The Wordcloud2 library

December 9, 2016
By

(This article was first published on Blog The R graph Gallery, and kindly contributed to R-bloggers)

A word cloud (or tag cloud) is a visual representation of text data. Tags are usually single words, and the importance of each tag is shown with font size or color. This mode of representation is useful for quickly perceiving the most prominent terms in a list and determine their relative prominences. In R, two libraries will allow you to create wordclouds: Wordcloud and Wordcloud2. In this post I will introduce the main features of the awesome Wordcloud2 library developed by Chiffon Lang.

196_wordcloud_ex6This little tutorial is largely inspired from the well-done vignette of the package. Most of the credit goes toChiffon Lang, but this package clearly feats in the gallery. In order to make our first tagcloud, we need to load the library which contains an example dataset.

# library
library(wordcloud2) 

# have a look to the example dataset
head(demoFreq)


196_wordcloud_ex1

 

 

As you can see, wordcloud2 takes a dataframe with 2 columns as input . The first column gives the words that will be displayed in the wordcloud, and the second column gives their relative prominences.

We start with the default wordcloud, without changing any argument. Simply adjust the size of the wordcloud using the size argument.

wordcloud2(demoFreq, size=1.6)


———————-196_wordcloud_ex2 196_wordcloud_ex3 196_wordcloud_ex4

Then, it is possible to change words and background colors with the color and backgroundColor arguments.

# Gives a proposed palette
wordcloud2(demoFreq, size=1.6, color='random-dark')

# or a vector of colors. vector must be same length than input data
wordcloud2(demoFreq, size=1.6, color=rep_len( c("green","blue"), nrow(demoFreq) ) )

# Change the background color
wordcloud2(demoFreq, size=1.6, color='random-light', backgroundColor="black")


—————196_wordcloud_ex5 196_wordcloud_ex6

It is possible to change the shape of the wordcloud. Several shapes are available within the package: ‘circle’ (default), ‘cardioid’, ‘diamond’ (alias of square), ‘triangle-forward’, ‘triangle’, ‘pentagon’, and ‘star’).

It is also possible to use any image you have as a mask! Just insert the image in the current working directory and use it as in the code below.

# Change the shape:
wordcloud2(demoFreq, size = 0.7, shape = 'star')

# Change the shape using your image
wordcloud2(demoFreq, figPath = "peace.png", size = 1.5, color = "skyblue", backgroundColor="black")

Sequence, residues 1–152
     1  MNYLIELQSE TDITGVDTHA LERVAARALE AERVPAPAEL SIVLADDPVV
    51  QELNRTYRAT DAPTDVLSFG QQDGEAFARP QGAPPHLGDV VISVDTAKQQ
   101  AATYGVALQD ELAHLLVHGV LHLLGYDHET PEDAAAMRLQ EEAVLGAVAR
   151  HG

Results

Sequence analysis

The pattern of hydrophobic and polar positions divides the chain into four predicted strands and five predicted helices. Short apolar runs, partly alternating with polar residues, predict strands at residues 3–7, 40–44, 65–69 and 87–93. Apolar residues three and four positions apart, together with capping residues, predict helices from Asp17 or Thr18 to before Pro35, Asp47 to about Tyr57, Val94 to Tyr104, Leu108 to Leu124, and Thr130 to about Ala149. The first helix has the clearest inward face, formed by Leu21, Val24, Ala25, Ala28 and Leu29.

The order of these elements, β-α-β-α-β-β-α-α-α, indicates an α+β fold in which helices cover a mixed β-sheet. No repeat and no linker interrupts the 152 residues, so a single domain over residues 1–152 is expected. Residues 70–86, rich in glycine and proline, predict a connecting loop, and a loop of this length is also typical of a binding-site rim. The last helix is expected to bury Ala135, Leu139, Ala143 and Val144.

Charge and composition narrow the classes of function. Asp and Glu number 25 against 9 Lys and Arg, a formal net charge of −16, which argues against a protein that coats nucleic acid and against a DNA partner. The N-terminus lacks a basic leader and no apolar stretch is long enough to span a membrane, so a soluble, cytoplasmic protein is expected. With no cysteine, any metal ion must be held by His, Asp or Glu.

196_wordcloud_ex7

 

 

Control the rotation of words with 3 arguments: minRotation, maxRotation and rotateRatio.

ww=wordcloud2(demoFreq, size = 2.3, minRotation = -pi/6, maxRotation = -pi/6, rotateRatio = 1)


196_wordcloud_ex8

 

 

A nice chinese version

wordcloud2(demoFreqC, size = 2, fontFamily = "????", color = "random-light", backgroundColor = "grey")


———–196_wordcloud_ex9 ——–196_wordcloud_ex10

The lettercloud function allows to use a letter or a word as a shape for the wordcloud.

letterCloud( demoFreq, word = "R", color='random-light' , backgroundColor="black")
letterCloud( demoFreq, word = "PEACE", color="white", backgroundColor="pink")


Save wordcloud2 as PDF

Last but not least, let’s check how to save our wordcloud as a static .pdf image. Wordcloud2 is made from a html widget. It means your wordcloud will be output in a html format by default.

You can export it as a pdf image using rstudio, or using the webshot library as follow:

#install webshot
library(webshot)
webshot::install_phantomjs()

# Make the graph
my_graph=wordcloud2(demoFreq, size=1.5)

# save it in html
library("htmlwidgets")
saveWidget(my_graph,"tmp.html",selfcontained = F)

# and in pdf
webshot("tmp.html","fig_1.pdf", delay =5, vwidth = 480, vheight=480)


I hope these few lines of code will allow you to compute your wordclouds efficiently. You can find more wordcloud examples on the dedicated section of the R graph gallery. Of course, do not hesitate to share your charts with the gallery if you used specific features that were not described above. And once more, thank you to Chiffon Lang for creating such a useful library.

Happy ploting!


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